The transition from film to digital was one of the most dramatic shifts in the history of photography, and countless new techniques arose along the way. Everything from exposing to the right to the ability to review photos on-the-fly dramatically changed the photographic world. Of all these changes, though, one has transformed landscape photography far more than any other: the advent of digital image blending.
At first glance, image blending may not seem like such a momentous development; however, it has had wide-reaching effects. Some of the most difficult scenes to photograph – high-contrast lighting, for example – suddenly are accessible to any photographer, opening up a new world of landscapes to photograph. To me, that makes it one of the most dramatic shifts in the history of landscape photography, nearly as important as the creation of color film.
Of course, image blending existed to some degree in the darkroom days – particularly for panoramas or similar composites. However, digital blending expanded these capabilities several times over, revolutionizing their usefulness. At the same time, relatively few film photographers – only those who had access to a darkroom and a fairly advanced skill set – could blend photos together in the first place. Digital software dramatically lowered the price of entry.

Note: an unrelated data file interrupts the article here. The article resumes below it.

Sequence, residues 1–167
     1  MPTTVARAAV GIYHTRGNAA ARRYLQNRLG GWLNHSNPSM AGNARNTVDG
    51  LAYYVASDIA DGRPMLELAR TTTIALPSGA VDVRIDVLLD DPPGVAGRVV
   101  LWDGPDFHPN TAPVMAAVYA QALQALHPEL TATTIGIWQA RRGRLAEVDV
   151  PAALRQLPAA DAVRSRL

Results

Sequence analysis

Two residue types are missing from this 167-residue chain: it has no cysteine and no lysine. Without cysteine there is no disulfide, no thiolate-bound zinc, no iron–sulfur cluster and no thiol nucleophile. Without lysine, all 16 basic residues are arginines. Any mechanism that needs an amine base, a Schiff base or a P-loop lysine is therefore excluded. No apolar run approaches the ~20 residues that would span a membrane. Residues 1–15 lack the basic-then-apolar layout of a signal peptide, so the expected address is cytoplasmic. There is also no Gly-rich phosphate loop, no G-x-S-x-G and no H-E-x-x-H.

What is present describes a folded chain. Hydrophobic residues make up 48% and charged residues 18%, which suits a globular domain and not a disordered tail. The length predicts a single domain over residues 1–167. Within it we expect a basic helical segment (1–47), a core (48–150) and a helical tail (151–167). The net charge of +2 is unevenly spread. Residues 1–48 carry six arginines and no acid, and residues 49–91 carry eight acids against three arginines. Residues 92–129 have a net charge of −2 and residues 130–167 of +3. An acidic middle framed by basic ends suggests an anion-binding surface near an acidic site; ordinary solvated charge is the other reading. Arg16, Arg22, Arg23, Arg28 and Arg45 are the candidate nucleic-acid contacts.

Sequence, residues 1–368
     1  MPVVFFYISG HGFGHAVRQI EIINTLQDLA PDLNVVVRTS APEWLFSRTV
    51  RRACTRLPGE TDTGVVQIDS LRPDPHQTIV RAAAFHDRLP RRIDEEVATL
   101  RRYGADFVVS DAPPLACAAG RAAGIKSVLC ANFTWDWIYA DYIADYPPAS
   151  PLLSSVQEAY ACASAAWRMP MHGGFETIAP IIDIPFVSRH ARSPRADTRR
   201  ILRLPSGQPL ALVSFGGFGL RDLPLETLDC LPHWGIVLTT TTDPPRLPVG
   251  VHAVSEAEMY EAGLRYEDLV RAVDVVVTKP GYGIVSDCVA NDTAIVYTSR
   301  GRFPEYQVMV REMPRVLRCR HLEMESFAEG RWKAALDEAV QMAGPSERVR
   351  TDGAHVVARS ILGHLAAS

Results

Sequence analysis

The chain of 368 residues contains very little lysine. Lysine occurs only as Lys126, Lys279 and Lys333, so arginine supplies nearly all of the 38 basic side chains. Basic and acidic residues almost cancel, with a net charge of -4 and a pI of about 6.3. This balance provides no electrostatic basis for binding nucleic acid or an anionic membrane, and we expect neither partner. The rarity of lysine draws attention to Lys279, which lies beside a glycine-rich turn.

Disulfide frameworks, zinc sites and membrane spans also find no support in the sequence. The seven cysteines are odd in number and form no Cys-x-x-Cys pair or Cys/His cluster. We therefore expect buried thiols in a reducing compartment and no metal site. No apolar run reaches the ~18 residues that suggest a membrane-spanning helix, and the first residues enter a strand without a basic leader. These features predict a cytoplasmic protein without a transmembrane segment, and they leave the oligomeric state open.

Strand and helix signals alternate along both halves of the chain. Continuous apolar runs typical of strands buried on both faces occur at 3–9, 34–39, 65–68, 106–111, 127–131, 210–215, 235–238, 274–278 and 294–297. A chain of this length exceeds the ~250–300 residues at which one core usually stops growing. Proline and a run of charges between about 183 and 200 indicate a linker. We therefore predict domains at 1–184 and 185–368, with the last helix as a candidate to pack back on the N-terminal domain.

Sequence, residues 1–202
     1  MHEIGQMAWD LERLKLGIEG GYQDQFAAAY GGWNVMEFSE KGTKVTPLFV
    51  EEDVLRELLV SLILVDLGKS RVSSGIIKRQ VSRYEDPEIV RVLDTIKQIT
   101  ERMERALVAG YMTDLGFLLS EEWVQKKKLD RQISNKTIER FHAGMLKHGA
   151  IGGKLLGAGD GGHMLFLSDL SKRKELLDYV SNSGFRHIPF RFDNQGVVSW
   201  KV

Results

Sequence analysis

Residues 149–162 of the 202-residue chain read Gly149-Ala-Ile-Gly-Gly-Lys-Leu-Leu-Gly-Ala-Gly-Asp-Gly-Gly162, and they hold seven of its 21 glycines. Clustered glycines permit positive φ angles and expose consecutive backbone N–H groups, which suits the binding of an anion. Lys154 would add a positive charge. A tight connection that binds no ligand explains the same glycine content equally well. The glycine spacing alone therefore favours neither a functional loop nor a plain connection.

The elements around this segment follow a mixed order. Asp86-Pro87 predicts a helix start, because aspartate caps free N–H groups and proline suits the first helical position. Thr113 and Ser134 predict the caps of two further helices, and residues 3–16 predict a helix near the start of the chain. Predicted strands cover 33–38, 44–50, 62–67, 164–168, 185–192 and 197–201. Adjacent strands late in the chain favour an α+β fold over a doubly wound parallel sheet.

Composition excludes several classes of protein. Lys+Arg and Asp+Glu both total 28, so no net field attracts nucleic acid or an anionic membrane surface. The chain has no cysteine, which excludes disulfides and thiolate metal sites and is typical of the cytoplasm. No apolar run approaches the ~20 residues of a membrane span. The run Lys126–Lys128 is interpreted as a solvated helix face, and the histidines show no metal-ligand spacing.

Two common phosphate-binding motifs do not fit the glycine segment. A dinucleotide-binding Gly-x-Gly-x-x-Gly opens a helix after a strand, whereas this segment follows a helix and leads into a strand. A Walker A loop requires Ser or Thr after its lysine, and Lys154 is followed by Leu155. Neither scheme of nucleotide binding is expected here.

Interestingly enough, digital image blending existed several years before the prevalence of digital cameras, so long as you were willing to scan your film and edit it on a computer. Of course, the explosion of digital cameras played a major role in making digital post-production a mainstream concept, but it is really the software that had the most impact. In this article, I will cover some of the most important types of image blending – HDR, focus stacking, and panoramas – and how they changed the world of landscape photography so significantly.
Perhaps the most obvious example of image blending is HDR photography. As ugly and overdramatic as it can be, HDR – or any method of blending different exposures – is one of the most crucial developments in the history of photography. No longer are you limited to your camera’s ability to capture information; now, you can photograph scenes in extreme lighting conditions without any problem.